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Home » Transcript: Existentialism via Solzhenitsyn and the Gulag by Jordan Peterson

Transcript: Existentialism via Solzhenitsyn and the Gulag by Jordan Peterson

This is the transcript of Jordan Peterson’s Personality lecture titled “Existentialism via Solzhenitsyn and the Gulag”. In this lecture, Jordan explores the dreadful socio-political consequences of the individual inauthentic life: the degeneration of society into nihilism or totalitarianism, often of the most murderous sort, employing as an example the work/death camps of the Soviet Union.


Dr. Jordan B. Peterson – Psychologist

So, I want to tell you about a book today. The book is called The Gulag Archipelago. You ready? The book is called The Gulag Archipelago and it’s by a Russian author, a Soviet author named Aleksandr Solzhenitsyn, who was in the Gulag Archipelago concentration camp system for a very long time. He had a very hard life. He was on the Russian front when the Germans invaded the Soviet Union in the early stages of World War II.

Now, Hitler and Stalin had signed a non-aggression pact. And Hitler invaded the Soviet Union anyway. And from what I’ve been able to understand, the Soviets had prepared an invasion force for Europe at that point, but were not concerned with having to defend their territory and so they were caught completely unawares by Hitler’s move. And the conditions on the Russian front were absolutely dreadful, and Solzhenitsyn was a soldier on the Russian front.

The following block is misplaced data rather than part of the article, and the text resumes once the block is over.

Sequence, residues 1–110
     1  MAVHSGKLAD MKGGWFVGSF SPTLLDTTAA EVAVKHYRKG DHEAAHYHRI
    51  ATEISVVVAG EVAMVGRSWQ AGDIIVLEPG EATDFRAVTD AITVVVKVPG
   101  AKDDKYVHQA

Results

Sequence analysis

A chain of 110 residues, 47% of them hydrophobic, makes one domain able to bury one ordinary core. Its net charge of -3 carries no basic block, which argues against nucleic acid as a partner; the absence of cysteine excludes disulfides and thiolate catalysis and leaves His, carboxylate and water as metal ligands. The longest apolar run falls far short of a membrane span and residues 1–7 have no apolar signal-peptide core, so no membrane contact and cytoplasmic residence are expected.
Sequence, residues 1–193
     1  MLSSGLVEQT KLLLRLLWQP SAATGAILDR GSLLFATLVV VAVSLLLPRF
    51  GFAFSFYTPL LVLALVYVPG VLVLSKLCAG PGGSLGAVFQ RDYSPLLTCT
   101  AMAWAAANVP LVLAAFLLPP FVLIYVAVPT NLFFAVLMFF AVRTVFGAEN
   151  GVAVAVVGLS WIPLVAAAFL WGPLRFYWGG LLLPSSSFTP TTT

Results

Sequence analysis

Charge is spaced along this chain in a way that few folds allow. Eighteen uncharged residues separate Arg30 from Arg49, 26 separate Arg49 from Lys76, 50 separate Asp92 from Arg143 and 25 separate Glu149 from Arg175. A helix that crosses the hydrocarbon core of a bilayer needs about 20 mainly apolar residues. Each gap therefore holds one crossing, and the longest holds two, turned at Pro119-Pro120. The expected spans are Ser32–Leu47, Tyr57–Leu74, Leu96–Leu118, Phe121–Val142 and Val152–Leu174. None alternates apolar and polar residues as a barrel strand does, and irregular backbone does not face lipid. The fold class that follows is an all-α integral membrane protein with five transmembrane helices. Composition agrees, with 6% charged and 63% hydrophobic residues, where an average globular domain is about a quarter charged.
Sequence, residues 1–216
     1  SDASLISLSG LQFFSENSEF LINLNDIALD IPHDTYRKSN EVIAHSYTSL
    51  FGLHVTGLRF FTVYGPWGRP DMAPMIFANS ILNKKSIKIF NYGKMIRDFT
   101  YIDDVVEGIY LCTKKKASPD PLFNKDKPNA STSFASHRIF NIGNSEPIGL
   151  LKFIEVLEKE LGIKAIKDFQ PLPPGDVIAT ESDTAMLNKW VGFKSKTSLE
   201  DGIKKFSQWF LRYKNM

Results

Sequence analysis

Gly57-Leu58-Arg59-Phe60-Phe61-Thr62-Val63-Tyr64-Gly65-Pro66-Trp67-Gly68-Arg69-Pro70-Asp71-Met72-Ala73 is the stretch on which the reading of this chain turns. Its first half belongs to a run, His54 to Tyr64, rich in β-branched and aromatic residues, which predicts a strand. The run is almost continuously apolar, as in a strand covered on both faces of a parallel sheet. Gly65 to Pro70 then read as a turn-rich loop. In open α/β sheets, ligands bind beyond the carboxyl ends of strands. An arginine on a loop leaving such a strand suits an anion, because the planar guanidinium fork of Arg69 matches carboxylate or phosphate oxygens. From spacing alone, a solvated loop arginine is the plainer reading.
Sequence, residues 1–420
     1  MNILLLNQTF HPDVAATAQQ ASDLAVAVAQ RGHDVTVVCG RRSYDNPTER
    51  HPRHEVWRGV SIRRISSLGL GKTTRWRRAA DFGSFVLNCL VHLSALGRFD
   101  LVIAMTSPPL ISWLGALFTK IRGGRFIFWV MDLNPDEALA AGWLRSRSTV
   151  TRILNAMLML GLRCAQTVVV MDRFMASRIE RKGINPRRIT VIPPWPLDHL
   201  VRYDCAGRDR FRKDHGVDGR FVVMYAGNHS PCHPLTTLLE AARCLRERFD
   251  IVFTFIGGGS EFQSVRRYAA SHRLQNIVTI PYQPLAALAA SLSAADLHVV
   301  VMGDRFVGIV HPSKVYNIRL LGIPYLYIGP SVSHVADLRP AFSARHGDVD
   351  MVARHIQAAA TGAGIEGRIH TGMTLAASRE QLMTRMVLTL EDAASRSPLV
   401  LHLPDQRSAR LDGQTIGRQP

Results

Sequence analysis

And he wrote some letters to one of his friends which were intercepted complaining about the lack of preparation and using bitter dark humor to describe the situation. And the consequences of that was that he was thrown into a work camp. The Soviet system relied on work camps, and so those were large labor camps of people who were essentially enslaved, many of whom were worked to death, often froze to death working in conditions that were so dreadful that they’re virtually unimaginable.

Solzhenitsyn spent a very large number of years in these camps, sometimes in a more privileged camp, because he was an educated man and sometimes in worse camps. He also developed cancer later, and wrote a book about that called Cancer Ward which is a brilliant book. So he had a very hard life. There’s just no way around that to be on the front and then to be in a concentration camp and then to have cancer. That’s pretty rough.

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